The Angels’ final homestand of the season was eventful, but not for anything that happened on the field. The men in uniform have had enough of the annual losing, and they are no longer shy about saying so.
On Wednesday, and again on Friday, manager Joe Maddon said the Angels needed to land two front-line starters or risk perpetual mediocrity. On Saturday, Mike Trout said the Angels had “a lot of money to spend” and the offseason was “going to be big.”
On Sunday, after the Angels lost their home finale to the Seattle Mariners, 5-1, Shohei Ohtani spoke up. He was the best thing to happen to the Angels this season, and to all of baseball. He is tired of losing too.
"I really like the team. I love the fans. I love the atmosphere of the team,” Ohtani said via an interpreter. “But, more than that, I want to win. That’s the biggest thing for me. I'll leave it at that."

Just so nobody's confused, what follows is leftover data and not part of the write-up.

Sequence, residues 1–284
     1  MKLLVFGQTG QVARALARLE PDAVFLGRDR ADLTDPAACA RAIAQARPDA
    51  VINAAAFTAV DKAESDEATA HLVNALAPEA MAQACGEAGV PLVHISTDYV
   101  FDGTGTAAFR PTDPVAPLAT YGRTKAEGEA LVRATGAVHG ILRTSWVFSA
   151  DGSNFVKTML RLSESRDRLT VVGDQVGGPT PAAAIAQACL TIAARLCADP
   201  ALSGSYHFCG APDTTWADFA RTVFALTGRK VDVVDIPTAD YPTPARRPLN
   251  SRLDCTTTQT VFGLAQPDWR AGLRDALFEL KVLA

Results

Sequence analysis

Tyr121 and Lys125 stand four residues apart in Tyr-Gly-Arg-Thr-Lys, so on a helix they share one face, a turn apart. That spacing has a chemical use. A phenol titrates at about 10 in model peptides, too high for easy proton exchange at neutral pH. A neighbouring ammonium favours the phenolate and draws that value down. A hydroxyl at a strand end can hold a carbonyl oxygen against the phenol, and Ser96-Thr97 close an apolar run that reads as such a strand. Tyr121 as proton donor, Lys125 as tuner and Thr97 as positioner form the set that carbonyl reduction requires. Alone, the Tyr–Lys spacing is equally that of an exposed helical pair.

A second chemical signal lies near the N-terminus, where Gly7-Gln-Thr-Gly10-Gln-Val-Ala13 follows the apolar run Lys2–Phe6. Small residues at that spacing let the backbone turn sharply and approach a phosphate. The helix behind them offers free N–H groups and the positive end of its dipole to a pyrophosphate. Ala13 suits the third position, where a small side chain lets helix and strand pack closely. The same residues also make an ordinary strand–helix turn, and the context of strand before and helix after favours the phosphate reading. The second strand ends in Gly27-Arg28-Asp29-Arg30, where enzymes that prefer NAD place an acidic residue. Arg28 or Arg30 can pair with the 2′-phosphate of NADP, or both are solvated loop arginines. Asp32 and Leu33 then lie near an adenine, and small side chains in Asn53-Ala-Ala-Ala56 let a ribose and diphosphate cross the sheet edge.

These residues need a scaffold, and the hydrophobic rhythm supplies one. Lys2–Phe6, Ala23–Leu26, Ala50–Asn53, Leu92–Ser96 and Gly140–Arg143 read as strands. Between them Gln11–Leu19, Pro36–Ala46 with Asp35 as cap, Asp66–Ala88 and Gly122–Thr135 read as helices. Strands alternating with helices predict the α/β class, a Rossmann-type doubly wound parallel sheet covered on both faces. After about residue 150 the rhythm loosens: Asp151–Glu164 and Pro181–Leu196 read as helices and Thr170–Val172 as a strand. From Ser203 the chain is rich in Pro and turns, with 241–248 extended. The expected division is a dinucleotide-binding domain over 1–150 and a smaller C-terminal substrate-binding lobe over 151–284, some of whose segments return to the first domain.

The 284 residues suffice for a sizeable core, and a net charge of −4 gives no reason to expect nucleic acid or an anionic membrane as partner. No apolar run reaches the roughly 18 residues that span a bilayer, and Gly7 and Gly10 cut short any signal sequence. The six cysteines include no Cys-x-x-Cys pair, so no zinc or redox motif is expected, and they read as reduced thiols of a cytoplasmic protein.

Ohtani could win the American League most valuable player award this year. Trout won three times in the previous eight years. Neither of those Angels superstars has won a major league playoff game.
The Angels have not qualified for the postseason since 2014. They have not posted a winning record since 2015.
“It’s very frustrating, very disappointing,” Ohtani said. “I always look forward to being in the playoff race at the end.”
The last time the Angels won a postseason game, in 2009, Vladimir Guerrero drove in the tying run. His son now leads the major leagues in home runs — for the Toronto Blue Jays, not the Angels.
The stars displayed on larger-than-life banners outside Angel Stadium this spring did not fare well this season. Albert Pujols was released, and his banner was removed. Trout, Anthony Rendon and Justin Upton finished the season on the injured list. David Fletcher fell to ninth in the batting order.
That left Ohtani to shoulder the burden, on Sunday and all summer, and he did so with grace and strength.